China / Society

Xi prepares for W. Europe visit

By ZHOU WA (China Daily) Updated: 2014-03-15 04:33

President Xi Jinping will kick off a trip to Europe next Saturday, the Foreign Ministry announced on Friday. It will be Xi's first visit to Western Europe since taking office last March.

According to the Ministry of Foreign Affairs, Xi will participate in the international Nuclear Security Summit scheduled to be held in The Hague on March 24 and 25.

From the Netherlands, Xi will travel to France and visit the UNESCO headquarters.

He also is set to go to Germany before ending his trip in Belgium, where he will visit the headquarters of the European Union in Brussels.

Europe is Xi's first foreign destination since the closing of the nation's annual two sessions, at which members of China's top legislative and advisory bodies discuss policies and make national-level political decisions.

The visit shows the high importance China attaches to countries in the West and is expected to set the tone for future China-Europe ties, analysts said.

Economic cooperation will headline Xi's agenda, they added.

"Just as Foreign Minister Wang Yi said at a news conference on the sidelines of the two sessions, Europe has a priority place on China's diplomatic agenda this year," said Ding Chun, a professor of European studies at Fudan University in Shanghai.

"Being advanced in many leading technologies, European countries, including Germany and France, can offer experience in development to China; as the two sessions reaffirmed, China attaches great importance to economic reform," he said.

Wang said at the news briefing that cooperation in fields such as science and technology innovation, energy and environmental conservation, urbanization, connectivity and people-to-people and cultural exchanges will take precedence.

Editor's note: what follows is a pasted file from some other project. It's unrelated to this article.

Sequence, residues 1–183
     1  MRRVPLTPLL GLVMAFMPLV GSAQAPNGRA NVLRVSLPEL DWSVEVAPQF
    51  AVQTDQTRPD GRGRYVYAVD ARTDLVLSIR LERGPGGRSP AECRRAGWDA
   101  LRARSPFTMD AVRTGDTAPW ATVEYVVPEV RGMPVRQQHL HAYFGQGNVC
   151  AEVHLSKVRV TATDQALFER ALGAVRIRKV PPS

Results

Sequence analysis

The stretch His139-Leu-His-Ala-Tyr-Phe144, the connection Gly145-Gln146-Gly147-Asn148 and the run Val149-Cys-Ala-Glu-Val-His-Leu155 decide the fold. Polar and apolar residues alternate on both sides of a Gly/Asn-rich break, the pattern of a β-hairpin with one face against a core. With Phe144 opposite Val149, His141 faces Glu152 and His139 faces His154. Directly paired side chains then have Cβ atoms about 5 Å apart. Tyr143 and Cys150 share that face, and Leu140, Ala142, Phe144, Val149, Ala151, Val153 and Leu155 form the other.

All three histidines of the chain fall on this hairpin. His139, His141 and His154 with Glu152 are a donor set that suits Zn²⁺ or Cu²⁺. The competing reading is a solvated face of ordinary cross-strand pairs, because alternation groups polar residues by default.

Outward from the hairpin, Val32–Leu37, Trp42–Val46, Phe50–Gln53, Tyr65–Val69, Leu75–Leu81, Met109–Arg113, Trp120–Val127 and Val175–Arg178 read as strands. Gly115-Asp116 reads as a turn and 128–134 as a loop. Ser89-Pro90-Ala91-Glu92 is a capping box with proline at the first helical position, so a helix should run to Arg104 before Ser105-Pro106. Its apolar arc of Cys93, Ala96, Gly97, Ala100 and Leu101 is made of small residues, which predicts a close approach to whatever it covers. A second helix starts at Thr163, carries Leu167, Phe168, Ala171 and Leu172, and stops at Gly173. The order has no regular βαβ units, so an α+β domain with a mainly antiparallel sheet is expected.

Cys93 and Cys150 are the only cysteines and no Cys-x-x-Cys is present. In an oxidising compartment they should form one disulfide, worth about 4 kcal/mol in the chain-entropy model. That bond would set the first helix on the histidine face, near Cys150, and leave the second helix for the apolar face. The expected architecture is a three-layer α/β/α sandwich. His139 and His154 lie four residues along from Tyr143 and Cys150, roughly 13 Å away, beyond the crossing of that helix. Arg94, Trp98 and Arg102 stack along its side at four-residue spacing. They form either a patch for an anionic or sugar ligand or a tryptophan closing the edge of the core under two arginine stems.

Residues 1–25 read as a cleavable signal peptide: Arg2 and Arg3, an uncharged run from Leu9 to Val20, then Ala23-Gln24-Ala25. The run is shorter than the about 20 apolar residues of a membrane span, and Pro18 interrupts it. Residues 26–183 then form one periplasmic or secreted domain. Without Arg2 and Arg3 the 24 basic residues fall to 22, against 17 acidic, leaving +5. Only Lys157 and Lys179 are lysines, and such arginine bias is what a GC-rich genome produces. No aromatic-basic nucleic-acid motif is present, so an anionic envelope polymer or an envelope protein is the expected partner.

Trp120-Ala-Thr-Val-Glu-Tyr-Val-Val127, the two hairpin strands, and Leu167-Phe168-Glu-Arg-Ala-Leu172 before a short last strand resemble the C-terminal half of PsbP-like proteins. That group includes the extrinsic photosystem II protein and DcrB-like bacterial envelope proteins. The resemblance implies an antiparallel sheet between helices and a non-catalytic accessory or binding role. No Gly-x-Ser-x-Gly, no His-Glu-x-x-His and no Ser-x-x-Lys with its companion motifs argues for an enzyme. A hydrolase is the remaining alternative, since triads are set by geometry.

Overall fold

Data show that bilateral trade between China and the European Union exceeded $546 billion in 2012, with the EU becoming China's largest trade partner and China the second-largest of the 28-member bloc.

Germany is China's biggest trading partner in the EU, followed by the Netherlands and France.

"Despite the fact that some countries in the EU are suffering from the ongoing debt crisis, European nations are still an important export market, and source of investment and technology for China," said Zhao Junjie, a researcher in European studies at the Chinese Academy of Social Sciences.

"Europe, especially developed nations in the Western part of the continent, is an important partner in economic cooperation with China," he added.

Meanwhile, EU members are hoping China will help them boost own economic development, said Cui Hongjian, director of European studies at the China Institute of International Studies.

"China's new round of reform and opening-up and strategy to boost domestic demands will create a lot of opportunities," he said.

In November, China and the EU launched negotiations on an unprecedented China-EU bilateral investment treaty during the 16th China-EU Summit. Analysts said the treaty topics also will be highlighted on Xi's visit.

It would be the first standalone investment agreement since foreign direct investment became the exclusive purview of the EU under the Lisbon Treaty.

"We hope to speed up negotiations for a China-EU investment agreement, with a view to future free trade arrangements between China and Europe," the foreign minister said.

The treaty will offer a good opportunity for China to attain international standards in trade and investment, and to get more involved in the global economy, said Zhao from CASS.

Chen Mingming, China's former ambassador to Sweden, told China Daily, "The treaty can contribute to avoiding trading disputes and protectionism."

China and the EU have clashed in the past over trade issues, principally over EU accusations in the first half of 2013 that Chinese companies were selling solar panels in the bloc below cost, which prompted Beijing leaders to discuss launching an investigation into the dumping of EU wine imports.

"Chinese and EU leaders should develop and improve the cooperative mechanisms, so as to prevent friction like this from happening in the future," Cui said.

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